Devices & Technology

The Emerging Role of the Nurse Informaticist


  • Print Page

By Christina Orlovsky, senior staff writer

As computers take on a growing presence in hospital settings, the need continues to increase for the marriage of patient care and information technology. Enter the nurse informaticist—a role that perfectly combines the two most important aspects of health care delivery in the 21st century.

“The role of nurse informaticist has grown unequivocally, for multiple reasons,” said Patricia Abbott, Ph.D., RN, FAAN, FACMI, assistant professor and codirector of the World Health Organization/Pan American Health Organization Collaborating Center for Information Systems in Nursing Care at Johns Hopkins University School of Nursing, in Baltimore, Maryland.

First, computer usage has become more prevalent in both schools of nursing and in health care facilities.

“When I first started in this field in the 1980s, computers were pretty novel. They’re not anymore,” explained Abbott, who is also the director of the American Medical Informatics Association (AMIA). “Now, students come into nursing programs expecting technology.”

Further, the government has made health care informatics a priority, which has led to increased funding for facilities that implement greater technology.

“President Bush called for the development of the personal health record for all Americans by 2014, and the government has said they’re going to start rewarding people who are using information technology in health care,” Abbott explained. “When the government gets behind it, money comes, and that’s when you start influencing people.”

The most recent example of the need for increased medical and nursing informatics comes in the wake of the devastation caused by Hurricane Katrina—not for those whose lives were taken, but for those survivors left behind with no medical records and, often, no recollection of what medication they were taking, their diagnoses or even, in the case of many infants and elderly adults, who their caregivers are.

“Katrina has made a compelling case for the public, the government and the health care industry on the need for the electronic patient record,” Abbott asserted. “We need a skilled informaticist to lead us in that charge. There’s an increasingly heavy need for cross-trained individuals—nurses, physicians and pharmacists—who understand both the clinical side and the I.T. side to marry the two.”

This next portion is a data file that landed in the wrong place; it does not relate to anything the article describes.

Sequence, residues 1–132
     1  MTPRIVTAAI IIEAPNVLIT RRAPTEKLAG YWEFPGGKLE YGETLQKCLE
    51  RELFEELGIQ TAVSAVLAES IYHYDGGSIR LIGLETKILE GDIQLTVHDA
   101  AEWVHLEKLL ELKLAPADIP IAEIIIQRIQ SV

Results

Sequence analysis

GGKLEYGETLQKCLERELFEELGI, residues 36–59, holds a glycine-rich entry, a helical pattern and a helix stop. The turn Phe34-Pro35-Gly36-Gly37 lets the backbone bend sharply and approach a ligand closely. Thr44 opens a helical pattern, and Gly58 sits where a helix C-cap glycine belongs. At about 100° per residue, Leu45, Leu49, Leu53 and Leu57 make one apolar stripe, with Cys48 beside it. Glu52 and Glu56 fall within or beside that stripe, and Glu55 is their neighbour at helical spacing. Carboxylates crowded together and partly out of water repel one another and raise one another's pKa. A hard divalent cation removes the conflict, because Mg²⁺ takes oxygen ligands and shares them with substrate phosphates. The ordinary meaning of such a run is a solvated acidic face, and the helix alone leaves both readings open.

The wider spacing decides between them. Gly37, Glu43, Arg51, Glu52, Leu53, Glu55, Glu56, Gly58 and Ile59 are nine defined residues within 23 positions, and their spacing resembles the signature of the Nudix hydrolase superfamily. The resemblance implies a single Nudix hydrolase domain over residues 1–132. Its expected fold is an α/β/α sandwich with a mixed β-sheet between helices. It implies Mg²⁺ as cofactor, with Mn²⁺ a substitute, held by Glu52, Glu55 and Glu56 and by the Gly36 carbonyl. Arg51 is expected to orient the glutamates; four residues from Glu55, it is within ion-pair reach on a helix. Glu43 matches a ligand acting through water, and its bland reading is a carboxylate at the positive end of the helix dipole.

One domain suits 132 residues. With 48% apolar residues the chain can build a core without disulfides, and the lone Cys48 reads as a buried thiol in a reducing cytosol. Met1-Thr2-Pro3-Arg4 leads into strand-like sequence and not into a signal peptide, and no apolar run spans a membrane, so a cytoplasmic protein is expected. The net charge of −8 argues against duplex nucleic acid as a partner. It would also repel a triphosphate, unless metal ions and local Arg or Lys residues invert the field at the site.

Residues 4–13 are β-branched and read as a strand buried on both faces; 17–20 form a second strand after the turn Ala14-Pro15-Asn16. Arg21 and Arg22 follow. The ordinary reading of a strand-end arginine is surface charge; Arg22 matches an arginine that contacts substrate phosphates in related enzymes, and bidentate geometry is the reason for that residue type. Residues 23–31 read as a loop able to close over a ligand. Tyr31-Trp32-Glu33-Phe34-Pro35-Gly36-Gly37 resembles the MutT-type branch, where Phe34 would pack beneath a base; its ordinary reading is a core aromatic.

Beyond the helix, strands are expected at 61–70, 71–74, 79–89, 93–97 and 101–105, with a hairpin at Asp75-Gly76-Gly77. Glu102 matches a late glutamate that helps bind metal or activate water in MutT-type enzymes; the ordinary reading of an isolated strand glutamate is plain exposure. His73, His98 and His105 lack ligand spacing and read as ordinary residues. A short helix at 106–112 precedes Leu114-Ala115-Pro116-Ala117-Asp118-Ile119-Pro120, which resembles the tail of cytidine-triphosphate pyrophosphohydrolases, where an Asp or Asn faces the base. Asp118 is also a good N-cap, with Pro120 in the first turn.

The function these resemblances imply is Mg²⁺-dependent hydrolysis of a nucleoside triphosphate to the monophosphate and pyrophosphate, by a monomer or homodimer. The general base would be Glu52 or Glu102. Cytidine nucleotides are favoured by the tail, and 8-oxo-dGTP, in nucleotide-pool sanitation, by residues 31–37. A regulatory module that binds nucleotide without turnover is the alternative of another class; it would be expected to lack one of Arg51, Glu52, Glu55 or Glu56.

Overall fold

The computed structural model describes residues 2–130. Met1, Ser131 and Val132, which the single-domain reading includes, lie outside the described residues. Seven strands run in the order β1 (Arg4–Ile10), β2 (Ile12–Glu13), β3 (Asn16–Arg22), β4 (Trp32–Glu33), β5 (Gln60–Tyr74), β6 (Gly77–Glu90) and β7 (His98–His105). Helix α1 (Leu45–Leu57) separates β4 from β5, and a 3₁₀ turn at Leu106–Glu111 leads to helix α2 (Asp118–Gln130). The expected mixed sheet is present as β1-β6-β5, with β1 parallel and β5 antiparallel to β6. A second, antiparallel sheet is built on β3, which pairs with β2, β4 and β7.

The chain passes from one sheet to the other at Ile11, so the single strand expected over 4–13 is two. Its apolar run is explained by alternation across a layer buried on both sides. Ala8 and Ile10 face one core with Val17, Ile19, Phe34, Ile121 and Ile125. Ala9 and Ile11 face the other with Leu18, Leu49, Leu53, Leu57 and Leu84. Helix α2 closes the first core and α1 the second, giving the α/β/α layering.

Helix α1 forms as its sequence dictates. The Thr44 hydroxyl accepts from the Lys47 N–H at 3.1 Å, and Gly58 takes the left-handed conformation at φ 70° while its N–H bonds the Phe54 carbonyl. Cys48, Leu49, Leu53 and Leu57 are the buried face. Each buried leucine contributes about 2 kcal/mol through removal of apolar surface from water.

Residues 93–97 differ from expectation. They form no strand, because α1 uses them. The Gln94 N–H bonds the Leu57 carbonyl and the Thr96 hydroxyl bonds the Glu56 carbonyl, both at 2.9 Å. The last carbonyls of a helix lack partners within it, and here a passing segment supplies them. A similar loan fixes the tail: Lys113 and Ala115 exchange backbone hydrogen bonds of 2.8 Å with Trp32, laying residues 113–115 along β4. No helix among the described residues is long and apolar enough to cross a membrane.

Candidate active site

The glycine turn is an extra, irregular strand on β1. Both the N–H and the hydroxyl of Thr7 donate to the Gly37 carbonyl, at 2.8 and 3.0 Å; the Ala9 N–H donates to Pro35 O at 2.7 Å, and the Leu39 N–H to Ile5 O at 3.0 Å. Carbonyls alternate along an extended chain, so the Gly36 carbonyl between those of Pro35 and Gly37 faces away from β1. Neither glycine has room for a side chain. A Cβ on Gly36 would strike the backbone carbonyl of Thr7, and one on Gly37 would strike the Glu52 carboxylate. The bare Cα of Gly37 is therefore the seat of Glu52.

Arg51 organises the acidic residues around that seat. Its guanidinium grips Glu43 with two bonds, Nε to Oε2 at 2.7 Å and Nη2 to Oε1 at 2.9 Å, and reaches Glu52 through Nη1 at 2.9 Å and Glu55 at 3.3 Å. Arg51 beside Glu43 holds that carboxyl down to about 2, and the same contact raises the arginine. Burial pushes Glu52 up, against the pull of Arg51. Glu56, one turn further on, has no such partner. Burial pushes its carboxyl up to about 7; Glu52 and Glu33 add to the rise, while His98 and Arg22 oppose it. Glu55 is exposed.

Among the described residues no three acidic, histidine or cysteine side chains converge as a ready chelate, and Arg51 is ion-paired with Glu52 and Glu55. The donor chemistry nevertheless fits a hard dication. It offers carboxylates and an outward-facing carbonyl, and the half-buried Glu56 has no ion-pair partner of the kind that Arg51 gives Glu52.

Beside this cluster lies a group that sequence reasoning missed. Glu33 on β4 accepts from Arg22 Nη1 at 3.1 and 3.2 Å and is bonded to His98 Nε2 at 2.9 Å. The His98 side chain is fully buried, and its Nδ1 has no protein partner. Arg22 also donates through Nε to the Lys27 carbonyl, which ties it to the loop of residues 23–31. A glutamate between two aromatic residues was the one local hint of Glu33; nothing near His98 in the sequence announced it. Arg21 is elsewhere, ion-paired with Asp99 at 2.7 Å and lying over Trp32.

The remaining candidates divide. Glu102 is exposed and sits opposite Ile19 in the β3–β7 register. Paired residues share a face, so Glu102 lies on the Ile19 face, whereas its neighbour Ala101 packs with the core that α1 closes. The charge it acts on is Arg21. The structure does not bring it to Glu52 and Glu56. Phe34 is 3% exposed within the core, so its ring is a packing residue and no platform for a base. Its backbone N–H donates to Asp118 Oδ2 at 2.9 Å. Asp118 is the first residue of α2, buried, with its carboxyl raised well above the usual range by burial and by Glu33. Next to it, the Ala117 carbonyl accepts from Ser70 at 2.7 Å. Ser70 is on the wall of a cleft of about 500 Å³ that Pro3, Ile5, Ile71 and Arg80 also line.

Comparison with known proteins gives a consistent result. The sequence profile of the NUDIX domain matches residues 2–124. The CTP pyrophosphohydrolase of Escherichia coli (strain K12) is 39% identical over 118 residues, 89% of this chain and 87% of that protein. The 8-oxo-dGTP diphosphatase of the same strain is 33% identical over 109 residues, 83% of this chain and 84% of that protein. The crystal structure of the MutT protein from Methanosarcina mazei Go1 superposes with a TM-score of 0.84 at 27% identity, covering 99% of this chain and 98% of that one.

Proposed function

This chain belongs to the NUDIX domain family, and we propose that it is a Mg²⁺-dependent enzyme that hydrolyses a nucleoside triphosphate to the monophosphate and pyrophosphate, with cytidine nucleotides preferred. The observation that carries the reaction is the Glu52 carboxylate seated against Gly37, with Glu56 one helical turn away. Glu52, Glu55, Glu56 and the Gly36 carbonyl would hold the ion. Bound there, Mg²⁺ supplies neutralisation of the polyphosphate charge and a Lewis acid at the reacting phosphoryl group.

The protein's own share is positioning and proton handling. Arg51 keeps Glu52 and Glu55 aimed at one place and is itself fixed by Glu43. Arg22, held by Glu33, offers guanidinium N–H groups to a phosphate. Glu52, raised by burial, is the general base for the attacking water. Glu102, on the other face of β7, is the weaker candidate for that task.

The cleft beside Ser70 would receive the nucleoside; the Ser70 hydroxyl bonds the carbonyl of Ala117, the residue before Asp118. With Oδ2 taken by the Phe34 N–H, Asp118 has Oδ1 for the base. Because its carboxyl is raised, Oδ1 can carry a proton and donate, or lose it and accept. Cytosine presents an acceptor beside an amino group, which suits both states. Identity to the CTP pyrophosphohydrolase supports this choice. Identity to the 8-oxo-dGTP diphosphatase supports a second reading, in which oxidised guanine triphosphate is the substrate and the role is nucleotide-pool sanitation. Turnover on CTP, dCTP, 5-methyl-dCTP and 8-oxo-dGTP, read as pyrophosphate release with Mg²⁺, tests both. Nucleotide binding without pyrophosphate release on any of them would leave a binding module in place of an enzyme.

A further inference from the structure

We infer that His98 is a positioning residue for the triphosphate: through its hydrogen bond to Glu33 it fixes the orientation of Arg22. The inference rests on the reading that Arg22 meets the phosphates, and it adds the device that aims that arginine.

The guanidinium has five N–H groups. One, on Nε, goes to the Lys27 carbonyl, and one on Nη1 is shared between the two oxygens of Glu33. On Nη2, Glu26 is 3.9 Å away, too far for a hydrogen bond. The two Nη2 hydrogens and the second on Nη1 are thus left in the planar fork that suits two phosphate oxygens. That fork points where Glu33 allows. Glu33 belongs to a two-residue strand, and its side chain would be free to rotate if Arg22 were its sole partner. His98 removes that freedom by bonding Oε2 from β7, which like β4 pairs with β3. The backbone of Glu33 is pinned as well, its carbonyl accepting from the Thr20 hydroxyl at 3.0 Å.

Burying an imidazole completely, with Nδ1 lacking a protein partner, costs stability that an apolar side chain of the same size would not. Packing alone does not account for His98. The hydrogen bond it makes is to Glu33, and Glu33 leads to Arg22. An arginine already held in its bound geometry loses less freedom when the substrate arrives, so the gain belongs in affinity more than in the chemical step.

So strong has the need become for nurses to become skilled in informatics that 18 national and regional nursing informatics groups joined together in 2004 to form the Alliance for Nursing Informatics (ANI), under the direction of AMIA and the Healthcare Information and Management Systems Society (HIMSS). More than 2,000 nurses representing organizations from across the country have gotten together to provide a consolidated forum for the nursing informatics community.

“This alliance provides the structure and synergy needed to support the efforts of nursing informatics professionals in the improved delivery of health care,” said Joyce Sensmeier, MS, RN, BC, CPHIMS, HIMSS director of professional services. “As more health care organizations develop electronic health records and technology solutions, nurses who manage and work in the nursing informatics field have increasingly vital roles in designing and implementing systems that enhance the safety of patient care.”

These vital roles come various different forms within and outside of health care organizations.

“There are three major areas where nurse informaticists are being hired: corporations, academia and hospital industry,” Abbott explained. “A lot are being hired by corporations, like Cerner and Eclipsys, for positions in research and development and sales. Who better to sell an information system than a nurse who also has clinical skills? She can walk the walk and talk the talk,” she added.

Other nurse informaticists go into education—a field in great need of informatics instructors. In fact, AMIA has developed an initiative called the “10x10 Goal,” which aims to train 10,000 health care professionals in applied health and medical informatics by the year 2010.

Finally, nurse informaticists are being hired by hospitals to function in the role of systems analysts. Some are even entering upper administrative roles of chief information officers.

“They are bilingual: They understand the clinical process and the clinical enterprise, but they also know informatics,” Abbott said.

Whatever a nurse’s role, Abbott asserted that it is every nurse’s responsibility to climb aboard the informatics bandwagon.

“The AACN has already issued basic core informatics competencies for the BSN,” she added. “If nurses don’t have that core competency, they’re really not practicing as a competent nurse.”

Abbott explained that there are numerous ways for nurses to increase their informatics knowledge, either through self-education, distance learning or an information technology training program. Participation in one of the many nursing informatics groups is also an option for nurses who would like to get involved with other tech-minded health care professionals. Technology is, after all, where the health care industry is headed.

“I use this quote all the time to students and faculty who are hesitant about computers: Either you’re a part of the future or you’re history,” Abbott said.

Resources:

Johns Hopkins University School of Nursing

Health Information and Management Systems Society

American Nursing Informatics Association

Alliance of Nursing Informatics

© 2005. AMN Healthcare, Inc. All Rights Reserved.

Look to NurseZone for information on the latest devices and technology impacting nurses and the nursing industry.